Others have stated:

‘A wonderfully illuminating and clear sighted book. Essential reading for anyone who wants to understand the reality of women’s lives worldwide.’ Melissa Benn

‘A fascinating atlas. It is not only an invaluable reference book, but also throws up questions about why a woman’s lot is not as good as a man’s.’ The Independent

To improve the state of women is to improve the state of the world. Global events continue to reveal the importance of understanding how women live across continents and cultures.

Using maps and graphics in this new revision of her eye-opening book, Joni Seager uses up-to-the-minute research and data to show what shifts have occurred in the ten years since the first edition was published – the strides made by women and the distance still to be travelled. She explores the current status of women in relation to such key issues as:

Equality * Government * IT literacy * Feminism * Women’s health * Motherhood * Women at work * Household trends * The global economy * Domestic violence * Refugees * Lesbian rights

Other reviews include http://www.myriadeditions.com/Women and http://www.womeninworldhistory.com/review-36.html2)


Traveling with a World View

(posted by Mike on June 6, 2009)

Rick Steves is a well-known author of travel guidebooks and host of TV shows on travel. He is also considered to be very liberal/progressive. I recently picked up one of his books and looked at a section titled Back Door Travel Philosophy that comes from his book Rick Steves’ Europe Through the Back Door. I was struck by the world view espoused by Steves and how it fits in very well with the views stated by President Obama in his June 4 Cairo speech.

From Rick Steves’ Europe Through the Back Door

Travel is intensified living–maximum thrills per minute and one of the last great sources of legal adventure. Travel is freedom. It’s recess, and we need it.

Experiencing the real Europe requires catching it by surprise, going casual…“Through the Back Door.”

Affording travel is a matter of priorities, (Make do with the old car.) You can eat and sleep–simply, safely, and enjoyably–anywhere in Europe for $100 a day plus transportation costs. In many ways, spending more money only builds a thicker wall between you and what you traveled so far to see. Europe is a cultural carnival, and time after time, you’ll find that its best acts are free and the best seats are cheap ones.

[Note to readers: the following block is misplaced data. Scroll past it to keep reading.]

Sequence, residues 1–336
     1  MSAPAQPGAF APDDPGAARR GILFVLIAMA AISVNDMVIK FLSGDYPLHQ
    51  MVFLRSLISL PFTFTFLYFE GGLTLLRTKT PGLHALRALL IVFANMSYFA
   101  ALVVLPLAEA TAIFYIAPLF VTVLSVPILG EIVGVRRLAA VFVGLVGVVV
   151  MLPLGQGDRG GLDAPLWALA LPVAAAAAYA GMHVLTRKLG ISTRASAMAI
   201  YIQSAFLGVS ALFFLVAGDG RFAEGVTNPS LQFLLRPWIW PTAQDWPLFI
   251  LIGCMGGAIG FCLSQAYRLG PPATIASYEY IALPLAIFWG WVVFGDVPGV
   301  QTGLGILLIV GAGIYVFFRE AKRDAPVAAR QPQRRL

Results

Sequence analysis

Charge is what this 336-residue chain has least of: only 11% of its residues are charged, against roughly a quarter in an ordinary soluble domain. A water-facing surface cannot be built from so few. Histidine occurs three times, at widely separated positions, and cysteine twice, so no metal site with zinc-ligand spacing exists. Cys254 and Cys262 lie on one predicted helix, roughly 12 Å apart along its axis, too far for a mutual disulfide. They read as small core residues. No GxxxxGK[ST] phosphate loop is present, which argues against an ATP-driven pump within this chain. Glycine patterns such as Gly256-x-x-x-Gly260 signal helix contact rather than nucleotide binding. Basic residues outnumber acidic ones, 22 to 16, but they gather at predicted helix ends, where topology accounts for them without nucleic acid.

A tight budget forces you to travel close to the ground, meeting and communicating with the people. Never sacrifice sleep, nutrition, safety, or cleanliness in the name of budget. Simply enjoy the local-style alternatives to expensive hotels and restaurants.

Extroverts have more fun. If your trip is low on magic moments, kick yourself and make things happen. If you don’t enjoy a place, maybe you don t know enough about it. Seek the truth. Recognize tourist traps. Give a culture the benefit of your open mind. See things as different, but not better or worse. Any culture has much to share.

Of course, travel, like the world, is a series of hills and valleys. Be fanatically positive and militantly optimistic. If something’s not to your liking, change your liking.

Travel is addicting. It can make you a happier American, as well as a citizen of the world. Our Earth is home to six and a half billion equally precious people. It’s humbling to travel and find that people don’t envy Americans. Europeans like us, but with all due respect, they wouldn’t trade passports.

Globe-trotting destroys ethnocentricity. It helps you understand and appreciate different cultures. Regrettably, there are forces in our society that want you dumbed down for their convenience. Don’t let it happen. Thoughtful travel engages you with the world–more important than ever these days. Travel changes people. It broadens perspectives and teaches new ways to measure quality of life. Rather than fear the diversity on this planet, travelers celebrate it. Many travelers toss aside their hometown blinders. Their prized souvenirs are the strands of different cultures they decide to knit into their own character. The world is a cultural yarn shop, and Back Door travelers are weaving the ultimate tapestry. Join in!


One Response

  1. Couldn’t this be the ultimate irony? Elton playing a mock-wedding (I give the ‘marriage’ six months, tops) for $1M and then giving the money to his AIDS charity?